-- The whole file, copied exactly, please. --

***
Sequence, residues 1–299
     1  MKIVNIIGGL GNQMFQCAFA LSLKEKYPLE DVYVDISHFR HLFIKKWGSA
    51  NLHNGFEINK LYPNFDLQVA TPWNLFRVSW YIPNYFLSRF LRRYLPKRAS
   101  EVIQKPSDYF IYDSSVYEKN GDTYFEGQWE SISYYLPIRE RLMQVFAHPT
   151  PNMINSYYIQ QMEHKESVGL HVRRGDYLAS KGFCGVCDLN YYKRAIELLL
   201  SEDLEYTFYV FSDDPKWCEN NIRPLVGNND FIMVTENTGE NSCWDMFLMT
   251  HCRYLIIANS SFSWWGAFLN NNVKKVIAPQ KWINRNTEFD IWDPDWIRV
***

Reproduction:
Sequence, residues 1–299
     1  MKIVNIIGGL GNQMFQCAFA LSLKEKYPLE DVYVDISHFR HLFIKKWGSA
    51  NLHNGFEINK LYPNFDLQVA TPWNLFRVSW YIPNYFLSRF LRRYLPKRAS
   101  EVIQKPSDYF IYDSSVYEKN GDTYFEGQWE SISYYLPIRE RLMQVFAHPT
   151  PNMINSYYIQ QMEHKESVGL HVRRGDYLAS KGFCGVCDLN YYKRAIELLL
   201  SEDLEYTFYV FSDDPKWCEN NIRPLVGNND FIMVTENTGE NSCWDMFLMT
   251  HCRYLIIANS SFSWWGAFLN NNVKKVIAPQ KWINRNTEFD IWDPDWIRV